Economic Slowdown Concerns – Weekly Market Outlook

Despite the two bullish days to close out the week, it wasn’t nearly enough to offset the damage done over the first three days of last week. All told, stocks lost an average of 2.8% over the past five sessions… the first losing week in the last three.

Is there more of the same on the way? We’ll slice and dice the index below. First though, we want to start at the top – at the economic numbers – and then work out way down.

Economic Calendar


It was another busy week for economists and number crunchers, right from the very beginning. Here are the highlights:

* Inflation:  In some ways there’s more of it, and in some ways less… or none (which isn’t exactly a good thing). The producer price inflation figure advanced 0.3%, reversing a 0.3% dip for October. On a core basis though, it only increased by 0.1% in November. For consumers, there was no inflation, versus a 0.1% drop in October. Even on a core basis, inflation was only up 0.2%; the annualized inflation rate now stands at 3.39%, which has been dialed down from September’s peak at 3.87%. Not that September’s rate was absolutely stifling, but the lower figure of 3.395 is at least psychologically more tolerable.

* Retail sales: With or without autos, they grew 0.2%, well short of expectations in the 0.5% to 0.6% range. This more than anything else is an alarming sign of an economic slowdown.


* Unemployment claims:  In contrast to weakening retail sales, new and continuing unemployment claims are dropping quite a bit.  In fact, both reached multi-year lows with their most recent readings, of 366K and 3.603 million, respectively.

* Industrial productivity: The one data point that should have investors more rattled than any other was largely dismissed – industrial production was down (by 0.2%) in November for the first time in six months. Capacity utilization fell from 78.0% to 77.8% – also the first significant drop in as many months. Not that one bad month makes or breaks a trend, but the correlation between these data points and the long-term market is very strong. To see each start to wane after a few stagnant months is indeed how recessions begin. Take a look at the chart below. We’re not in dire straits just yet, but slowly getting there.

Capacity Utilization, Industrial Productivity and SPX Chart

Economic Calendar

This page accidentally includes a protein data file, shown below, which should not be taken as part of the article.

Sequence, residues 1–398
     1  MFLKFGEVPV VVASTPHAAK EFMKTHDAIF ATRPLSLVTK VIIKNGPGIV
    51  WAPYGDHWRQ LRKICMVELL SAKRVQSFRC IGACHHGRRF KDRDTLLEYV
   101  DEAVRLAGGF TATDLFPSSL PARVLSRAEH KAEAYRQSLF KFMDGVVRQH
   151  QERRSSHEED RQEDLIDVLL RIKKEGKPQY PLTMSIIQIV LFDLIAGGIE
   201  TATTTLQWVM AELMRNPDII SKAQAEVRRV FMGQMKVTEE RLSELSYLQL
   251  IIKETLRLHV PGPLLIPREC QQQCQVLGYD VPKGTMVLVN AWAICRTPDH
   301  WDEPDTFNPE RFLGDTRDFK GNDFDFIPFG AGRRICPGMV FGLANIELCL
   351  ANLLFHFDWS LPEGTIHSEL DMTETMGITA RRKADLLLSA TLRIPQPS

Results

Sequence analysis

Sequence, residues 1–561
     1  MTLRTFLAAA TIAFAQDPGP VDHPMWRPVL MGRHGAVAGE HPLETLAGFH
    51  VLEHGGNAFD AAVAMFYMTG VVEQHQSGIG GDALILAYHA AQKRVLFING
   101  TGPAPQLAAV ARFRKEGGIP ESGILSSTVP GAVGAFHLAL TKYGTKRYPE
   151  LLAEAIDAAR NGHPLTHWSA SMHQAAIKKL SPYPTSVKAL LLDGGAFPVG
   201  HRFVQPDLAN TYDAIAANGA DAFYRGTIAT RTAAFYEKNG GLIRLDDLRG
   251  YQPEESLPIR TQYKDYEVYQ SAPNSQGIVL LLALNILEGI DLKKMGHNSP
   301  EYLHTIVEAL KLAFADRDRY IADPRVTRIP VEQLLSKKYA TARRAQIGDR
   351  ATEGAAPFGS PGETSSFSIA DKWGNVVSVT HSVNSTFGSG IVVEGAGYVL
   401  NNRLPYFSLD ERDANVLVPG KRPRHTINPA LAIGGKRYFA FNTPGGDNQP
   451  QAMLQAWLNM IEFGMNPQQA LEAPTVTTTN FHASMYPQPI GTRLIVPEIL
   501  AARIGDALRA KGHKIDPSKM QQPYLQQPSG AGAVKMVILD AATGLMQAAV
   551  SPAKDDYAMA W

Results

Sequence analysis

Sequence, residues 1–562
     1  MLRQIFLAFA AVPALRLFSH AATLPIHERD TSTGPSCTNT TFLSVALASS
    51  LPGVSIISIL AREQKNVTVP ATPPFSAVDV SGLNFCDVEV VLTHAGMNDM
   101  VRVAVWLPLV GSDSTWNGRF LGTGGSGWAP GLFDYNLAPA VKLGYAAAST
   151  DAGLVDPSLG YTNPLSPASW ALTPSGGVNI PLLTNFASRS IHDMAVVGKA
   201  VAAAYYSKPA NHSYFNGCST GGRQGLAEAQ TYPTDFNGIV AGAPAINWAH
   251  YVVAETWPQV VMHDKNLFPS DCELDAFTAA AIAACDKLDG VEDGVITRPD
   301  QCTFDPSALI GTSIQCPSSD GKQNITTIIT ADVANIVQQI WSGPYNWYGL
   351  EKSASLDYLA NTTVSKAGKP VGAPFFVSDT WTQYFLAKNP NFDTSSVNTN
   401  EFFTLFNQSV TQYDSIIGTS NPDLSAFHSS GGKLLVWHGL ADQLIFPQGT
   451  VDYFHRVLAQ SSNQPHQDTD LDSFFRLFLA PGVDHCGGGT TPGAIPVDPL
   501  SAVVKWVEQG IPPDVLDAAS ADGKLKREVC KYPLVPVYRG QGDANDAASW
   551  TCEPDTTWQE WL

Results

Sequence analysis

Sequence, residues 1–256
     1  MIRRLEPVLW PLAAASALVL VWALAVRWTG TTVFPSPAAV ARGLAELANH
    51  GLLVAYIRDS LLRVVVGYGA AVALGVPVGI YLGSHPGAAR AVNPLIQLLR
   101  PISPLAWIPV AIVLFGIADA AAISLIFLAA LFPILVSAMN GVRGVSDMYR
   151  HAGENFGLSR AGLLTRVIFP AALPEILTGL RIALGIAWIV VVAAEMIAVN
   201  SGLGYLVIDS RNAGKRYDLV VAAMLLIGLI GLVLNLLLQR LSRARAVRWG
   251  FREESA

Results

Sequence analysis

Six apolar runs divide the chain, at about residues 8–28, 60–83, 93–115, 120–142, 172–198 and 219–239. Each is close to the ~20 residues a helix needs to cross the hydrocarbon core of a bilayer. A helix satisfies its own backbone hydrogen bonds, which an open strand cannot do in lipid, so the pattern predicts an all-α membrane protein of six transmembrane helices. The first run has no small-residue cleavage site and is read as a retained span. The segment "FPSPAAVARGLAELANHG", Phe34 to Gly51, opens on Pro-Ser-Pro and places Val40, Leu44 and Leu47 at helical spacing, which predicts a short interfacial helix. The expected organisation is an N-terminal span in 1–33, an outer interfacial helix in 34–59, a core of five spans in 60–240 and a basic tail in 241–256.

As for the coming week, there’s a little less on the docket, though not a lot less. The biggies are:

* Tuesday:  Housing starts and building permits will continue to paint the construction picture. Look for slightly lower numbers, though some of that could be a seasonal slow-down [the seasonal adjustment doesn’t always fully work].

* Wednesday: Existing home sales.  Will the National Board of realtors start fixing their pumped up numbers as of this month? For now, the pros are expecting a sales rate of 5.03 million per year. New home sales for November will be unveiled on Friday, and are expected to rise slightly to a rate of 313K per year.

* Thursday:  New and ongoing unemployment claims are both expected to push a little higher this week, though only because last week’s big dips left them little to no room to sink.

* Friday: Personal income and personal spending. Is the consumer dead or alive? The numbers continue to say he’s moderately healthy, both in terms of income growth, and a willingness to spend it.

S&P 500

Just when it looked like the market was going to stand all the way up and begin walking again, it stumbled (thanks to Europe, again) — putting its actual health back into a question at a point in time when the last thing it could afford is any doubt.  Yet…

The bad news is, the S&P 500 (SPX) (SPY) closed under the 20-day and 50-day moving averages (blue and purple, respectively), after failing to hurdle the 200-day moving average line (green) a couple of weeks ago.  Indeed, not only did the SPX fall under those key short-term moving average lines last week, they ended up acting as ceilings on Thursday and Friday, bringing a quick end to any rally effort those days.

The good news is, the CBOE Volatility index (VIX) (VXX) (VXZ) moved under its 200-day moving average line (also green) for the first time since July.

The VIX’s action last week was the subject of a fairly hot debate, even within a fairly small circle.  With the market falling, the VIX ‘should have’ moved upward.  It didn’t. Instead, it continued to move lower, suggesting that what the market was actually doing didn’t necessarily reflect what traders were thinking. The falling VIX says folks are less and less worried.

The counter-argument is that the waning VIX value doesn’t indicate anything other than trade fatigue – it’s drifting lower only because folks are becoming numb to the onslaught of economic/market problems. And, the people on this side of the fence are also quick to point out that the VIX is still finding something of a floor at 24.30, where it made a major low in October. Is it going to push up and off that floor again? If not, then stocks are in more bullish shape than they might appear at first glance. The problem is still the same though – we’re in limbo.

There’s a floor at 1204.77, where the 100-day moving average line (gray) is waiting. As long as that support holds we can afford to give the benefit of the doubt to the market. Anything under it is a problem for the bulls, particularly if the VIX makes its way back above the 200-day average line. Even if stocks do push back above the 50-day average at 1228.77 though, the market still hasn’t hurdled the biggie at 1267. That’s the only thing that’ll be truly convincing in a bullish way now.

SPX & VIX Daily Chart

And just for good measure/perspective, a look at the daily chart of the NASDAQ’s (QQQ) and Dow Jones Industrial’s (DIA) daily charts. Both charts pretty much tell the same tale as the S&P 500’s.

Dow Jones Industrials, NASDAQ Composite – Daily Chart